A few weeks ago I touched briefly on the subje
A few weeks ago I touched briefly on the subject of vertical gardening, that is, the use of vertical space for those that have limited space for gardening. It makes good sense even if you have plenty of room in which to garden to make use of vertical spaces including fences (with the permission of the next door neighbour) to grow climbing plants on. What I have done with the neighbour on one side is to share the produce with them, this may work for you too. At present I have a very productive grape vine and about 10 winter marmande tomato plants on that side. The other vertical surface that I like to use all year round is trellises. You can grow sweet peas or snow peas on it in the winter and cucumbers or ceylon climbing spinach on it in the summer. I grew sweet peas last winter and ceylon spinach in summer and found that it worked well, with some spinach leaves measuring up to 12 inches across.
Another vertical area that we often overlook is the use of mature trees, preferably those with an open canopy to allow filtered sunlight in. Personally, I have found that some of our flowering natives such as grevilleas and bottle brushes are ideal as they have open canopies and also rough bark. Trees with rough bark are ideal hosts for bromeliads, orchids and orchid cactus. How many times have you seen a choko or pumpkin vine climbing over a tree? In fact, trees are an ideal support for these two vines, which are too rambly for most yards. Open canopy trees are also ideal to support hanging baskets and many plants just love the open, airy and partly shaded environment.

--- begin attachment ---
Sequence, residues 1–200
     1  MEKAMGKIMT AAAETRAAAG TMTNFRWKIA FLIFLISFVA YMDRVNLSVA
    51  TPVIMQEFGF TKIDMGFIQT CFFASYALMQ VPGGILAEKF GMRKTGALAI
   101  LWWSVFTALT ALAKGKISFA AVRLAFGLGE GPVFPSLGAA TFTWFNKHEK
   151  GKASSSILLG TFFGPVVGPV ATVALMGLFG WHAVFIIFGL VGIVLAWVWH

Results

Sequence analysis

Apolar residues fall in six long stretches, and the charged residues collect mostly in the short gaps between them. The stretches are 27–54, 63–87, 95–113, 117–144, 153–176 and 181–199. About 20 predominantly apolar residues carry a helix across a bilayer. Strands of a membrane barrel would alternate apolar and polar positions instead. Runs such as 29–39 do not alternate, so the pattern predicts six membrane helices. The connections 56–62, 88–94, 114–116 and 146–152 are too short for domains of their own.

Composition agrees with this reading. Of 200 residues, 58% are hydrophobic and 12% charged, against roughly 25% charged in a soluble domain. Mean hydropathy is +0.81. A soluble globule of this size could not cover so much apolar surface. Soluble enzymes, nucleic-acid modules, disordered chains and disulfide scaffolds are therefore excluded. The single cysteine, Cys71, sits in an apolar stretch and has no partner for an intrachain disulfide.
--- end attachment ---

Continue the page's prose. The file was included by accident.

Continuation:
Tip: To fix easy-to-grow orchids such as soft cane dendrobiums, dancing ladies, cattleyas or bromeliads onto trees follow these simple steps. One: Find a good location that is not too much higher than eye level. Two: Fix the plant securely by stapling or nailing it onto the tree. Three: Take a double sheet of The Echo newspaper and fold it down until its three inches wide, then soak it with seasol, water for a few minutes and wrap it around the root area and secure it with the leg from a pair of pantyhose. Finally, drape a piece of Spanish moss over the root zone to keep moisture in.
The next meeting of the Lismore Garden Club is on Thursday, April 10, at 1pm at the Lismore Workers Club. Visitors are most welcome. For further information phone Wally on 6624 1125.
Finally: Bounteous seasons and barren ones too, times for rejoicing and times to be blue, but meeting these seasons of dark desolation with strength that is born of anticipation that comes knowing that autumn-time sadness will surely be followed by a springtime of gladness. Helen Steiner-Rice